The consequent and genuine socioeconomic and political problems in the region have left it vulnerable to exploitation. It is apparent that this vacant political space is gradually being filled by opportunists and extremist organisations with questionable desires and intentions that go against the values we stand for.

Surely, it is intellectually arrogant and emotionally inept for any leader to believe that the expulsion of Shona people from Matabeleland amounts to a proportionate, reasonable and justified policy that will lead to local empowerment. People are more empowered by systems, laws and policies that protect them against the abuse of power by the political elite and not by exposing some population groups to harm because of who they are. You do not resolve your breathing difficulties by asphyxiating someone else.

ZANU PF’s brutalisation of Mthwakazi has not improved the security of ordinary Shona people. The expulsion of Indians from Uganda did not leave a tranquil political scene for black Ugandans to enjoy. Likewise, Mthwakazi political groups fueled by anger and pure hatred will only protect their interests, not people; they will hammer anyone who disagrees with them.

Organisations whose centre of policy formulation is tribalism and view indiscriminate punitive measures against certain population groups in our society as a legitimate political policy must know once and for all they are further from the centre of a diversity-based Matabeleland sociopolitical centre; they do not reflect our norms and values and their politics does not even begin to reflect the majority’s views.

The pro-Matabeleland agenda must not be another step in a journey to normalising tribalism and bigotry in our region. It must be a tool for local empowerment, a voice for the voiceless in the region and a vital institution for protecting our rights as a society. Our rights will not be protected by the denial of the same to some communities within our society but by the establishment of systems and institutions that protect individuals from discrimination and ensure equal access to opportunities to all; systems that reward effort and not social background are paramount to the future we rightly deserve.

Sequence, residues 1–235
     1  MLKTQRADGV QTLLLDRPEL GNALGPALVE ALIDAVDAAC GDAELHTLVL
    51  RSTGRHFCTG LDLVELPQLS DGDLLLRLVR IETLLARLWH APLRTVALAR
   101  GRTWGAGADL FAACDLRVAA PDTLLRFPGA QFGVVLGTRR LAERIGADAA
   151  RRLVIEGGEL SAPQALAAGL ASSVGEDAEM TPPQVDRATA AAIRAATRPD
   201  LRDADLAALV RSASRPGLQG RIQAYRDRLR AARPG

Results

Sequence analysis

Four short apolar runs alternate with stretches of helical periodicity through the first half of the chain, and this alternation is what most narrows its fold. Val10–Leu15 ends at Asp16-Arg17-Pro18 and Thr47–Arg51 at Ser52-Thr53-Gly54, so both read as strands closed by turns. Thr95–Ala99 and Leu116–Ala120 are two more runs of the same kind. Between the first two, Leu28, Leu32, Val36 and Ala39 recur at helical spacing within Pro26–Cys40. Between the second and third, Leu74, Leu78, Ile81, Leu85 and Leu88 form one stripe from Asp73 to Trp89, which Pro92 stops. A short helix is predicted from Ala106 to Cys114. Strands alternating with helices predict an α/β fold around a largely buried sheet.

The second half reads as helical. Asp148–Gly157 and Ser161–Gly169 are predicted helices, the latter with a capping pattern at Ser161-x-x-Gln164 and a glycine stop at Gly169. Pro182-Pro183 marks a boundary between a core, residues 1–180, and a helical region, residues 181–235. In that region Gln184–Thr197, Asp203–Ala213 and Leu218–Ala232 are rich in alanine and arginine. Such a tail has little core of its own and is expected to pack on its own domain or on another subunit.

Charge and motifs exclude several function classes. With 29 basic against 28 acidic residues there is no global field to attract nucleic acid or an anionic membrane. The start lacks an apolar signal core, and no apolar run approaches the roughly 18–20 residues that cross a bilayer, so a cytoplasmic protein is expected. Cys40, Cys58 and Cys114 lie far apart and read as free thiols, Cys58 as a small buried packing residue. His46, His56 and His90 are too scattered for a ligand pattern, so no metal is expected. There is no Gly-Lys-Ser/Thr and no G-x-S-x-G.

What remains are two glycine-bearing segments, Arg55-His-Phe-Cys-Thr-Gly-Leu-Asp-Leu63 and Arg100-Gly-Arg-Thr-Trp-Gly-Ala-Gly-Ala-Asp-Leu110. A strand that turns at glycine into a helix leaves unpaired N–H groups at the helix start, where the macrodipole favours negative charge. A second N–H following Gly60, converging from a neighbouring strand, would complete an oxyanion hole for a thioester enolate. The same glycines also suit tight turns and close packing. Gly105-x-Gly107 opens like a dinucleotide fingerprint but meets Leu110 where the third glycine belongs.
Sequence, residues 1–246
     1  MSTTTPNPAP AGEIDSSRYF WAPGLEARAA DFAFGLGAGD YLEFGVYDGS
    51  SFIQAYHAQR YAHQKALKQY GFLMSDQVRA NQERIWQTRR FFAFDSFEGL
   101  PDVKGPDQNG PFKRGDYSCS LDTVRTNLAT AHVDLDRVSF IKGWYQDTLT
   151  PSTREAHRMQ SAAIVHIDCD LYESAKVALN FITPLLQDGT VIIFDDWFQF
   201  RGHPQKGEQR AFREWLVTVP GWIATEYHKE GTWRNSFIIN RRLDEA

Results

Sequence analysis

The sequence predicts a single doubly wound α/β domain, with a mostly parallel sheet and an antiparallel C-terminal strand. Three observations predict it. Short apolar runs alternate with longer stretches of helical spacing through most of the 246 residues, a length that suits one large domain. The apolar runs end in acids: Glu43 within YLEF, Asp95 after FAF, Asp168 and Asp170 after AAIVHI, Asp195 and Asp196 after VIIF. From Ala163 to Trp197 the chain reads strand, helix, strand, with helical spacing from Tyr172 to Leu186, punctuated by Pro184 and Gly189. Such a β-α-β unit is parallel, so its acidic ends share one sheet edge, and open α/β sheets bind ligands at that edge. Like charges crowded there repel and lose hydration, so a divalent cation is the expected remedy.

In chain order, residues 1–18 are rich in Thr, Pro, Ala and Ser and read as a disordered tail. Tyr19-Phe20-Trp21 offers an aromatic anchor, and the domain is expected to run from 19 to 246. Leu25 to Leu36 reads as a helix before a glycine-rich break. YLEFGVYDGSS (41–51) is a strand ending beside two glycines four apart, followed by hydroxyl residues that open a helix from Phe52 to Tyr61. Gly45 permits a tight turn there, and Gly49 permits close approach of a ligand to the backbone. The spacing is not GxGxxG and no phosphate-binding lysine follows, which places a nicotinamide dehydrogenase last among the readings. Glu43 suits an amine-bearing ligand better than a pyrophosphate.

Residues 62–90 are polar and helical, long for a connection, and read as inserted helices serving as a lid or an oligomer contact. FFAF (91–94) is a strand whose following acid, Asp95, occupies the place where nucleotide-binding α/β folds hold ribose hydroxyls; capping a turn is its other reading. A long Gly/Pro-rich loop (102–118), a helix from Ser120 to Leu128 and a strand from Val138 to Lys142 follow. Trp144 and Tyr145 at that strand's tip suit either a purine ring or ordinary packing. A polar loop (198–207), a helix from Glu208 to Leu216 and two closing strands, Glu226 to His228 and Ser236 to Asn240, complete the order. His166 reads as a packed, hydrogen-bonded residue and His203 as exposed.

Irrespective of the values and aims pro-Mthwakazi groups proclaim, what matters most is how they behave – how they deal with internal and external conflicts, and how responsibly they act towards the citizens they claim to represent. Their behaviour affects their success in becoming and remaining influential political actors.

The widening gap between the public and sociopolitical groups’ interests is disheartening, and if not halted will compromise public confidence in the pro-Mthwakazi groups and the entire agenda will suffer irreparable damage. This is the last thing Mthwakazi needs. The sustenance of the agenda will need these organisations not only to reflect our values but also to be deeply and durably entrenched in the fabric of our society.

We appreciate no sociopolitical organisation is perfect, but when functioning well sociopolitical organisations offer better space to discuss and escalate local issues to national level. Our organisations need to take their responsibilities seriously, our support is neither free nor just social-identity based. We want to remind our pro-Mthwakazi groups that they have an opportunity to create a legacy for this generation and indeed generations to come but tribalism is not the Mthwakazi way to do it. Extremism is lazy politics of populism driven by passion that cannot stand scrutiny. We do need to jealously protect the rights of our people, but that should be done through just laws and policies.